Norton Barton Artisan Food Village
Norton Barton Artisan Food Village, set in a rural location at Launcells near Bude, is home to some of the county’s top artisan food producers. These include Cornish Charcuterie, POPTI Cornish Bakehouse and The Cornish Distilling Company.
Established in 2015, the artisan food village was one of the first Food Enterprise Zones to be set up. Its mission is to help artisan businesses grow, and thereby create more jobs in the local economy.
The food village was the brainchild of Richard and Fionagh Harding, owners of Norton Barton Farm. Richard says: “As a Food Enterprise Zone, innovative local start-ups are able to grow and flourish, using the state-of-the-art production units on offer. They gain practical support to develop and trial new products before they then take the leap of moving into their own premises.
“By offering some smaller units, new businesses have the chance to try out their products without the financial risk that comes from going it alone. All of this encourages more talented people to join our local food industry.”
As well as a commercial base for new businesses, the food village is designed as a visitor destination, with café, bar, function room and woodland walk all on site. There are already nine businesses at the village, with an ambition to grow to twenty.
Thanks to Superfast Cornwall, the food village was connected to full fibre superfast broadband in early 2020, after years of struggling with slow speeds and an unreliable connection.
“The superfast connection has made a massive difference to us,” says Richard. “It’s had a really positive impact for the whole enterprise. Now we are able to make the most of digital technology and the cloud, which means we can streamline our operations and grow. With our previous broadband connection, low speeds and poor reliability were a real barrier to growth.”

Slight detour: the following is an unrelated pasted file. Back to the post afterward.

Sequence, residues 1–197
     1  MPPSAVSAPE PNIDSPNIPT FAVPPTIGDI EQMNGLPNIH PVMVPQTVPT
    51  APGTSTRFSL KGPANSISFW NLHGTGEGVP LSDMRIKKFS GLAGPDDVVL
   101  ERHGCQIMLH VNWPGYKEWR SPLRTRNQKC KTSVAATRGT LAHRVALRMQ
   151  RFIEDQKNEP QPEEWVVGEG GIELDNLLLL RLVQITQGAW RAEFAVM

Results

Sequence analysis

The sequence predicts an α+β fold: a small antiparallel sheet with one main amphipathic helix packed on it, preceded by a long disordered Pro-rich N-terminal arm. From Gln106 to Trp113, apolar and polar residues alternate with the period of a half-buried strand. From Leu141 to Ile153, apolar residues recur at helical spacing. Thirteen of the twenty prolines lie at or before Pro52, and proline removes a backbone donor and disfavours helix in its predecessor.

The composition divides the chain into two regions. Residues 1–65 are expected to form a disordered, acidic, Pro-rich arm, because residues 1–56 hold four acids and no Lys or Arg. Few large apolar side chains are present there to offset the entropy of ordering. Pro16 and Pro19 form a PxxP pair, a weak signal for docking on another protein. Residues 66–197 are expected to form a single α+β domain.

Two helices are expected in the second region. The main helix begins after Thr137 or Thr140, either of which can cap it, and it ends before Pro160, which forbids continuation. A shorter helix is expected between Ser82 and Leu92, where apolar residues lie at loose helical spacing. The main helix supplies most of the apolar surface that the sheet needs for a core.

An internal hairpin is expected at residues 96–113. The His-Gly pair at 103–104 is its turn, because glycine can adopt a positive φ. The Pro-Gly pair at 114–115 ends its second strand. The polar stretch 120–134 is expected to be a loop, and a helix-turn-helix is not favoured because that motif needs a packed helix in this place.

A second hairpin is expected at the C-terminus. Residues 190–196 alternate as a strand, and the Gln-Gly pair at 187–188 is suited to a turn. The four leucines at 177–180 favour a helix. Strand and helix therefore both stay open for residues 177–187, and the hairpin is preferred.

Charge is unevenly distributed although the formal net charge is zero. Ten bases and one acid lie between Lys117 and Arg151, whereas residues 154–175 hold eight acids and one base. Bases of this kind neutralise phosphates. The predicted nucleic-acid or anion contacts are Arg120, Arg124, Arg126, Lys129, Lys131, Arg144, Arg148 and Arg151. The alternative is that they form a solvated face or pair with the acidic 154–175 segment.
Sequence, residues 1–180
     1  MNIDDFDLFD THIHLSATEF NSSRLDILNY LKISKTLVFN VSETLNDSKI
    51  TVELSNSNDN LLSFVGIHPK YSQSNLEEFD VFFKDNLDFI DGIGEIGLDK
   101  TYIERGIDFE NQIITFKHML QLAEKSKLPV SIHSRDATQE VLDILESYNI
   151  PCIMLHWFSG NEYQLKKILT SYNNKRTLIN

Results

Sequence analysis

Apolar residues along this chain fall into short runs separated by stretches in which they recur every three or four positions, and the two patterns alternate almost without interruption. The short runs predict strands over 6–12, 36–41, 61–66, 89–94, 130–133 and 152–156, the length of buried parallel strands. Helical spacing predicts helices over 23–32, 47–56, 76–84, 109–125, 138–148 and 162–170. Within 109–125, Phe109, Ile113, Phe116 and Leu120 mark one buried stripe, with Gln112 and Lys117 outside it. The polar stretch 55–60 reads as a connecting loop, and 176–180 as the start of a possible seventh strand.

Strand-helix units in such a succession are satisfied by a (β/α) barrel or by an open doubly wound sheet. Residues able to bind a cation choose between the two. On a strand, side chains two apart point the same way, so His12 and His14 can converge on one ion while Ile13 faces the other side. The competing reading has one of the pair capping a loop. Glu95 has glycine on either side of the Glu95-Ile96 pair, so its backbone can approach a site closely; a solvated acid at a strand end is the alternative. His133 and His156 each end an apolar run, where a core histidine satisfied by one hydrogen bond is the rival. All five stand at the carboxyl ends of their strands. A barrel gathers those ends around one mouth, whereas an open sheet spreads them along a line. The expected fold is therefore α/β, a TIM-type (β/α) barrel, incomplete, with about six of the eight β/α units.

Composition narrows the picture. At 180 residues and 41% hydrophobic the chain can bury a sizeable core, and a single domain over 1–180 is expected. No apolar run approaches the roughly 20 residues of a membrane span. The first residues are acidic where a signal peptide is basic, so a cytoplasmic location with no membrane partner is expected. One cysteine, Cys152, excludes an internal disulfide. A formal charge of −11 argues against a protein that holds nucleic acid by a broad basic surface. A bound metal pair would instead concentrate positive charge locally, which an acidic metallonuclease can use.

Richard explains: “Now we have superfast broadband, we are migrating all of our data to the cloud. We have already been able to move all our accounting and stock control systems to the cloud, together with our vital back-up systems. This saves us significant time and money, while also providing greater reliability and resilience.
“We are now able to introduce VOiP telephony. This will bring further cost savings and enable staff to work from remote locations, whilst using the business telephone number and thus presenting a professional image. Greater use of home working and flexible working will help maintain work/life balance and enable greater productivity.
“The arrival of superfast broadband means that our artisan businesses can now make much more effective use of online sales, reaching out to new customers as well as supplying existing customers remotely.
“A further important advantage of superfast broadband is that we can enhance our online marketing through our website and social media – now that upload speeds for videos are so much faster. This means we can make more use of video. This is a superb marketing tool for us, as artisan food and drink really lends itself to high quality visual presentation.”
Richard adds: “The benefits of superfast are transforming all aspects of our operations. As an example, we recently invested in some high tech production equipment, manufactured in the Netherlands. With our superfast connection, we are able to link with the manufacturers online so that they can carry out diagnosis and preventative maintenance remotely. That would simply never have been possible with our previous connection. In addition, one of the advantages of a full fibre connection is that we can easily upgrade our internet speeds still further in future, if we need to’
Richard concludes: “Superfast broadband is revolutionising our business, opening up new opportunities and enabling us to turn our ambitious vision into reality. Without a superfast connection, I think there was a real danger that the enterprise could have stagnated. Now we are able to move ahead with confidence and plan for future growth. As a result, these are really exciting times for everyone working at Norton Barton.”